Small in size and powered by a brace of gas-sipping four-cylinders, the Sonic hit the market in late 2011. The model, produced at Orion Assembly in Michigan, came to be in the wake of the recession, offering buyers affordability and frugality with a “Made in America” stamp. In the ensuing years, however, buyers began moving on — and up — from small economy cars.
General Motors has announced it will begin manufacturing autonomous vehicles by 2019. Since purchasing Cruise Automation in 2016, GM has invested heavily into self-driving cars. However, its Chevrolet Bolt-based Cruise AV has only served as a testbed for the technology. That will change next year when the Orion Township assembly plant in Michigan starts building examples for commercial use.
If so, that would make General Motors the first company to sell an autonomous vehicle. However, it’s not entirely clear if that’s the ultimate goal. Thus far, GM has only said the autos will enter into a “ride-sharing environment” where the vehicles can be managed in a fleet — perhaps something akin to Uber.
Obviously, the analogy is as accurate as it is unfortunate. Uber recently suspended autonomous testing after one of its vehicles fatally struck a pedestrian earlier this week. While GM’s product planning can hardly be faulted for the goings-on at another company, the collision could see the general public wonder if production Cruise AVs are ready to take over the road.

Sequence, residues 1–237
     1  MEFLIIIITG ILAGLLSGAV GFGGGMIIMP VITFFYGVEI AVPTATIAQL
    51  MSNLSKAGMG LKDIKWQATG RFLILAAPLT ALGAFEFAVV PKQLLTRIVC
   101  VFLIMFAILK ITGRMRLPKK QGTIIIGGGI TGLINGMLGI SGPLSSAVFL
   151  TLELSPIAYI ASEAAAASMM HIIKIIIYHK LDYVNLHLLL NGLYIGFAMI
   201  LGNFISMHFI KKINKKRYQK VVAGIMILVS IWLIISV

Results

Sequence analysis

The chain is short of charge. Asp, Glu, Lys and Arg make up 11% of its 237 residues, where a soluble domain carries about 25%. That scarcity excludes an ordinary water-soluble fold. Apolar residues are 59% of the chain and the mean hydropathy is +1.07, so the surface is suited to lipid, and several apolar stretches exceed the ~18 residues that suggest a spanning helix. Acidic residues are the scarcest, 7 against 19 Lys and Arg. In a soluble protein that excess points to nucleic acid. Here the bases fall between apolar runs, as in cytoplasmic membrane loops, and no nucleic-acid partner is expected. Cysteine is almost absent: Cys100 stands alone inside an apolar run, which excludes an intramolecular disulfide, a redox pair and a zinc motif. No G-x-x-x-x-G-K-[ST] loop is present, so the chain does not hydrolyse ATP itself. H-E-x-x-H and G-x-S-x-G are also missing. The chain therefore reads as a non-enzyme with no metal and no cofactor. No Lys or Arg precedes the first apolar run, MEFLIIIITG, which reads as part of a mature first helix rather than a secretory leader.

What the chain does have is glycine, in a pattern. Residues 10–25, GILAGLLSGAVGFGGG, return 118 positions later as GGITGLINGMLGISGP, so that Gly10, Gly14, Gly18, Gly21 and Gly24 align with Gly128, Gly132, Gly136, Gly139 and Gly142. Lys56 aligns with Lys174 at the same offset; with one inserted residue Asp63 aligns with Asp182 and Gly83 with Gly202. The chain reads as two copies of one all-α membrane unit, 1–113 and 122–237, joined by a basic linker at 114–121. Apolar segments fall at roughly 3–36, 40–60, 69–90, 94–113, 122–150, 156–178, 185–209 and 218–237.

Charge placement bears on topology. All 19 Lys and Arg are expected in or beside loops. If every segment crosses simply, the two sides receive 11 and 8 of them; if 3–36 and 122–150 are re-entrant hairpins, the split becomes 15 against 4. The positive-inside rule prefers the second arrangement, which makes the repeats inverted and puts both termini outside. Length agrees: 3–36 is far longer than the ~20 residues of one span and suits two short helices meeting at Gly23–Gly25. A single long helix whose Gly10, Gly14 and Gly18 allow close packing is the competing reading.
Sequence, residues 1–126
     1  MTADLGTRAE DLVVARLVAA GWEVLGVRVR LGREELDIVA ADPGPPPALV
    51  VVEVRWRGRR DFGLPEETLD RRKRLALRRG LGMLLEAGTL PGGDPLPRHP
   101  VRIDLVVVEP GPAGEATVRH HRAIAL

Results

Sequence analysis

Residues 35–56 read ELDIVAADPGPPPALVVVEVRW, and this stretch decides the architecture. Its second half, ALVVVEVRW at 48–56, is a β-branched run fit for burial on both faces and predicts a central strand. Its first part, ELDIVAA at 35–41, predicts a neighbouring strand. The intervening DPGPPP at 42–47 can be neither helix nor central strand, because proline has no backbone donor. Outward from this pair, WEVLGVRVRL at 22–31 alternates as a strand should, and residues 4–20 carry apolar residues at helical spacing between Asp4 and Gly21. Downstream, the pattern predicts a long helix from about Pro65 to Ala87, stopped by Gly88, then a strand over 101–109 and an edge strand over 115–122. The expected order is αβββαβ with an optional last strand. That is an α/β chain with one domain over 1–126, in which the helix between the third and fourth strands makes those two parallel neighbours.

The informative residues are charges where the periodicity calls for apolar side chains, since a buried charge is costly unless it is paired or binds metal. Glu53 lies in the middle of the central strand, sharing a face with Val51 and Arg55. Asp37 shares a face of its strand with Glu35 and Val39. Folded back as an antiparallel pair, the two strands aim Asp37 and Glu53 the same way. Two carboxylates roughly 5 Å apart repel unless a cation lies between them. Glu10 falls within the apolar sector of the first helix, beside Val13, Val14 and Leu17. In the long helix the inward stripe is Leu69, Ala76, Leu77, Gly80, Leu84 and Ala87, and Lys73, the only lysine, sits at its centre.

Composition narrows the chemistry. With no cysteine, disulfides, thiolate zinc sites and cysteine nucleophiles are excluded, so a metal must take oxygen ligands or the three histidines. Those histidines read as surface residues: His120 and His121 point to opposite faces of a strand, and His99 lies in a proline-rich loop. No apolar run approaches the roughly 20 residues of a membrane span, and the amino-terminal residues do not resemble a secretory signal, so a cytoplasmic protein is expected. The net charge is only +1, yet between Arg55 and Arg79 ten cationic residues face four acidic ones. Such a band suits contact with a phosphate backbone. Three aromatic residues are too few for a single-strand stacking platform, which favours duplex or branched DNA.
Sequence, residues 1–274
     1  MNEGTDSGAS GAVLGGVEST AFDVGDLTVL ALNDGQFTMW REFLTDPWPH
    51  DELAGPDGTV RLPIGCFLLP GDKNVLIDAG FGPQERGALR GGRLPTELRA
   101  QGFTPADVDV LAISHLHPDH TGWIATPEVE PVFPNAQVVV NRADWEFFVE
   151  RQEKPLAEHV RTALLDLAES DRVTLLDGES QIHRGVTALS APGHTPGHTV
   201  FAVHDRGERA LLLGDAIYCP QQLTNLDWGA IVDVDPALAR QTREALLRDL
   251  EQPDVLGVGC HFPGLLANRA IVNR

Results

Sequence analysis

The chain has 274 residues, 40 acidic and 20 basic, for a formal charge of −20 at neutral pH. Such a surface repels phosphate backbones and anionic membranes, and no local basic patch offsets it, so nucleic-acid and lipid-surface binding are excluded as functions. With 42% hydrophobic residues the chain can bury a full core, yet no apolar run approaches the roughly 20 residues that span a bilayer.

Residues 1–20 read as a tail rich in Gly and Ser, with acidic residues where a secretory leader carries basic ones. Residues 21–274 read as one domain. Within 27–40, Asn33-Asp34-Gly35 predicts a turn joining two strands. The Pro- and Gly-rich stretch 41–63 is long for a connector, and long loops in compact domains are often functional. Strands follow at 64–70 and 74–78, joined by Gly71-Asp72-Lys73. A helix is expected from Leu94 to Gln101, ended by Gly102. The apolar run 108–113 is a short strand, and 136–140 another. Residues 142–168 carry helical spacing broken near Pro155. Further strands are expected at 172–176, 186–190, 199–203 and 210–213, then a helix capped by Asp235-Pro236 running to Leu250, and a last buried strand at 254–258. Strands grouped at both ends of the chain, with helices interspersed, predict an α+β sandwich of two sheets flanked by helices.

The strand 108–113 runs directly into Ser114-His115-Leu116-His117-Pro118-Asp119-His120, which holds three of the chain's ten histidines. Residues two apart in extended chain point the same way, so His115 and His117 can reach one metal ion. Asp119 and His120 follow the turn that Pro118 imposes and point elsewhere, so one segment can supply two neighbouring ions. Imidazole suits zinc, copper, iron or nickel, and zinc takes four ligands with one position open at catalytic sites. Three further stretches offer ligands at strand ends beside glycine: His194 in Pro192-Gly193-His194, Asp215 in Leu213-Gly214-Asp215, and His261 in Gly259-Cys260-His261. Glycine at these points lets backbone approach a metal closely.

American car buyers are increasingly turning their backs on subcompact cars.
During the first six months of 2017, the subcompact car losing the greatest number of sales is the Nissan Versa, which is suffering as Nissan realigns its dealer strategy to emphasize certified pre-owned cars.
But the subcompact car losing the second-highest number of sales is the Chevrolet Sonic, which has declined 37 percent this year (for a 10,334-unit decrease). In a continued attempt to dramatically reduce Sonic inventory — GM had a 159-day supply at the beginning of June; a 43-day supply at the beginning of July — GM is extending the scheduled plant shutdown at the Chevrolet Sonic’s Orion Township assembly plant north of Detroit, Michigan.
There are side effects from such a shutdown, an aftertaste following the swallowing of a bitter pill, spin-offs from a show nobody was watching to begin with.
Something electric could be brewing at General Motors, and we’re not talking about just the Chevrolet Bolt.
John Rosevear at the Motley Fool has an interesting take on what the future holds for Orion Assembly (the Michigan facility tapped to produce the Bolt this fall), and why GM seems to be keeping other models away from the plant.
A small Cadillac is coming in about three years, but it won’t be built in Michigan.
General Motors is scrapping a $245 million investment in its Detroit-area Orion Assembly plant in favor of moving a future Cadillac’s production to its Fairfax plant in Kansas City, according to the St. Louis Post-Dispatch.
Orion’s plant communications manager Chris Bonelli, confirmed the move, but stated, “We’re not confirming the brand or type of product yet.”
General Motors will lay off around 500 workers and eliminate one shift at its Orion Assembly due to sagging demand for small cars, the automaker announced Friday. Those workers may be sent to a nearby plant.
According to a statement from a GM spokesman, the automaker will “adjust plant production capacity to align with market demand” and eliminate one shift that builds the Sonic. Demand for the Sonic has largely remained flat since the subcompact’s introduction in 2011.